Northern blot analysis
RNAs were extracted from various stage embryos using the guanidiumthiocyanate/phenol-chloroform method (Chomczynski and Sacchi, 1987). RNAs were separated on 4% formaldehyde/1.2% agarose gels, transferred to Hybond N+ nylon membrane (Amersham) in 10× SSC, fixed by 2 hours baking at 80°C. Blots were hybridized with random-primed 32P-labeled TH cDNA EcoRI fragment (1.2 kb) as a probe. The filter was exposed to X-ray film for 2 days at −70°C.
Microinjection of embryos
Embryo handling and RNA injection were carried out according to El-Hodiri et al. (El-Hodiri et al., 1997). 0.1-2 ng of TH mRNA was injected into one or two blastomeres of Xenopus embryos at two-, four- or eight-cell stage, together with mRNA for green fluorescent protein (GFP) as a lineage tracer. As there are reports that the presence of a Myc epitope tag may interfere with the function of some proteins, we used constructs with and without the Myc tag. Both constructs gave identical results.
Whole-mount in situ hybridization and histology
Whole-mount in situ hybridization was carried out as previously described (Kloc and Etkin, 1999) and (Harland, 1991). Digoxigenin-labeled probes were generated from the following plasmids: pMX363 Xslug (Mayor et al., 1995); pBS-Xtwi18 (Hopwood et al., 1989); pBS(sk)-chordin (Sasai et al., 1994); pBluescript(ks)-N-CAM (a gift from Dr Paul A. Krieg); pBluescript(ks)-SOX2 subcloned from pCS2-SOX2 (Mizuseki et al., 1998); pBluescript(ks)-ZCR1, subcloned from pCS2-ZCR1 Xenopus Zic-related-1 (Mizuseki et al., 1998); Xenopus Zic3 X1 clone (Brett Casey, Baylor School of Medicine); pBluescript(ks)-neuroD, subcloned from Xenopus neuroD clone pCS2+MTx12A (a gift from Dr Jacqueline E. Lee); neural-specific type β-tubulin, p24-10 (Richter et al., 1988); pXnot10 (von Dassow et al., 1993). The histology was carried out as previously described (Kelly et al., 1991).
Animal cap RT-PCR assay
RNA (1-2 ng) was injected into the animal pole of embryos at the two-cell stage. The animal cap explants were removed at the late blastula stages and allowed to grow until the control embryos reached neurula stages. To induce mesoderm and neural gene expression, recombined human Activin A protein (provided by NIH) was added at a concentration of 5 ng/ml. Total RNA was then extracted and analyzed with RT-PCR. Primers were designed using information from the Xenopus Molecular Resources Web Page (Peter Vise, University of Texas). The RT-PCR assay was carried out according to Wilson and Hemmati-Brivanlou (Wilson and Hemmati-Brivanlou, 1995) except for plakoglobin (PG) whose primers were designed with reference to Kofron et al. (Kofron et al., 1999). Quantitative RT-PCR was carried out using a LightCycler™ System (Roche).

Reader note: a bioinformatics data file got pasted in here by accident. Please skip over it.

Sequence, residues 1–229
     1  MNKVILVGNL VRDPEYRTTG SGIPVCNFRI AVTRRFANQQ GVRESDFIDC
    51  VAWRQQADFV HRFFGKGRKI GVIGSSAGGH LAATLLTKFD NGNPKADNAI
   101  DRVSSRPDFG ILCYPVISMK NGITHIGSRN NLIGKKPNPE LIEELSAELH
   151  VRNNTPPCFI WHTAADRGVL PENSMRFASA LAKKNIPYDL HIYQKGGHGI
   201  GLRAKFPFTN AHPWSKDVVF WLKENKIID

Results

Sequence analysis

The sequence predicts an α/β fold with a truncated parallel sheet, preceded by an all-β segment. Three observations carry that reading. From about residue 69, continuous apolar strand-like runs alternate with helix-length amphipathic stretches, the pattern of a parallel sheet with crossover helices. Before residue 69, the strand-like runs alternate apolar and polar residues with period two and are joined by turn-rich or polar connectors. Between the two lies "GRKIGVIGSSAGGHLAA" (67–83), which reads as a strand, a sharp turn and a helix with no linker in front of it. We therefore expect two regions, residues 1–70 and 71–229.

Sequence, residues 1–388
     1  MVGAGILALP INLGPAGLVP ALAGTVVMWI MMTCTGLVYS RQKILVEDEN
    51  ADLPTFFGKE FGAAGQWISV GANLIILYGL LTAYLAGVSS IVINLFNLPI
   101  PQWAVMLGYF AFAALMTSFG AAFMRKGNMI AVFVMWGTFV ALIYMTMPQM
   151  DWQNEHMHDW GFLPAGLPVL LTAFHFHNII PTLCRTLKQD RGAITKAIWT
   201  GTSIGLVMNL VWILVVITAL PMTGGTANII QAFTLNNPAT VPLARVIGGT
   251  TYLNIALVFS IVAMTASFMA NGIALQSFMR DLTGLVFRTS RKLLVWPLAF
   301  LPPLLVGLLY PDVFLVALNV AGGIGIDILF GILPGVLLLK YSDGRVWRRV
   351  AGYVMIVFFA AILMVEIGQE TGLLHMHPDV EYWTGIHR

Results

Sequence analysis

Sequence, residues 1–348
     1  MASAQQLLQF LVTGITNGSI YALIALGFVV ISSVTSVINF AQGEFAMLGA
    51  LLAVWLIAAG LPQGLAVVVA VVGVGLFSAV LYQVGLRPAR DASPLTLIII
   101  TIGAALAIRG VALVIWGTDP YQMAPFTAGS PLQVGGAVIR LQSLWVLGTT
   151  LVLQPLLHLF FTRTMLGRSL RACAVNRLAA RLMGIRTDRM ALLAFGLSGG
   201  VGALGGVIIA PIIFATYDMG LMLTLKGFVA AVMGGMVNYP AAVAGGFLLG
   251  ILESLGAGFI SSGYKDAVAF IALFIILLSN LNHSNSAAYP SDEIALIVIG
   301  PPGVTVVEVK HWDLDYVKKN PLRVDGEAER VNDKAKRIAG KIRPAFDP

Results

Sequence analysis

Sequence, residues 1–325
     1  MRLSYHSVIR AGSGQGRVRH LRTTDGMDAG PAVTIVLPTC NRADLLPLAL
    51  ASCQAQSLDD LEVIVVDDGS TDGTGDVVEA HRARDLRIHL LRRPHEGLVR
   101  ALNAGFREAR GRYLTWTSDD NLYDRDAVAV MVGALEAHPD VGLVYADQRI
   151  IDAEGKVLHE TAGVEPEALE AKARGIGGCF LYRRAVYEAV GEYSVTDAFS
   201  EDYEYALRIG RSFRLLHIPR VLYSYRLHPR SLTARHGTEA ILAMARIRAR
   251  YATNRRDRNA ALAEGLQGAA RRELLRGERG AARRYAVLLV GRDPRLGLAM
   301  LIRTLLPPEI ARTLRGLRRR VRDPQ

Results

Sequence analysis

Hydroxyurea and aphidicolin treatment
Embryos were injected at eight-cell stage with TH mRNA. Hydroxyurea and aphidicolin (HUA) were added at stage 10.5, according to Harris and Hartenstein (Harris and Hartenstein, 1991).
Xenopus embryos were injected with 2 ng of TH mRNA into dorsal or ventral animal blastomeres at eight-cell stage. At stage 14/15, the injected embryos were fixed with Dent’s fixative overnight and bleached with 10% H2O2 in Dent’s fixative. Anti phosphorylated histone H3 antibody (Upstate Biotechnology, Lake Placid, NY) and anti c-Myc antibody (Oncogene™ Research Product) were use at a concentration of 5 μg/ml; anti-rabbit IgG conjugated with alkaline phosphatase (Boehringer Mannheim, Indianapolis, IN) was used at a dilution of 1:2000; anti-mouse IgG conjugated with FITC (Boehringer Mannheim) was used as a dilution of 1:200. Nuclear staining was performed with Hoechst 33258 at a concentration of 5 μg/ml in PBS. Whole-mount immunostaining was performed as previously described (Kloc and Etkin, 1998; Carl and Klymkowsky, 1999).
Injection of purified antibody and rescue experiments
Affinity purified anti-TH antibody (Ab GN114 or Ab GN9629) was injected into a single animal blastomere at the four to 16-cell stage. To trace the antibody distribution, rhodamine-conjugated dextran (Mr, 10,000, Molecular Probe, Eugene, OR) was injected with the antibody at 2-4 mg/ml. The embryos were photographed at gastrula stages. Rescue experiment were performed by injection of 1-3 ng of Myc-TH mRNA with 0.5 ng of Myc-GFP mRNA (a lineage tracer) into one of the blastomeres at the two-cell stage. At the 16-cell stage, embryos were injected with 1.5-3 ng of Ab114 antibody mixed with rhodamine-dextran. The embryos were analyzed for rescue at blastula and gastrula stages. To test for the antibody specificity we injected embryos with a mixture of Myc-tagged TH protein and anti-TH antibody. TH protein was produced by injection of TH mRNA into oocytes. The injected oocytes were cultured at 18°C for 1-2 days. The protein was extracted according to Kuang et al. (Kuang et al., 1989) and affinity purified with anti Myc-epitope tag antibody conjugated with agarose beads (Santa Cruz Biotechnology, Santa Cruz, CA), according to Harlow and Lane (Harlow and Lane, 1988). The purified protein was dialyzed against PBS and concentrated at 0.1 mg/ml. The protein was mixed with the antibody 1 hour before injection at 4°C. The protein-antibody mixture was injected into one of the blastomeres at animal hemisphere of Xenopus embryos at 8-cell stage and photographed at stage 8.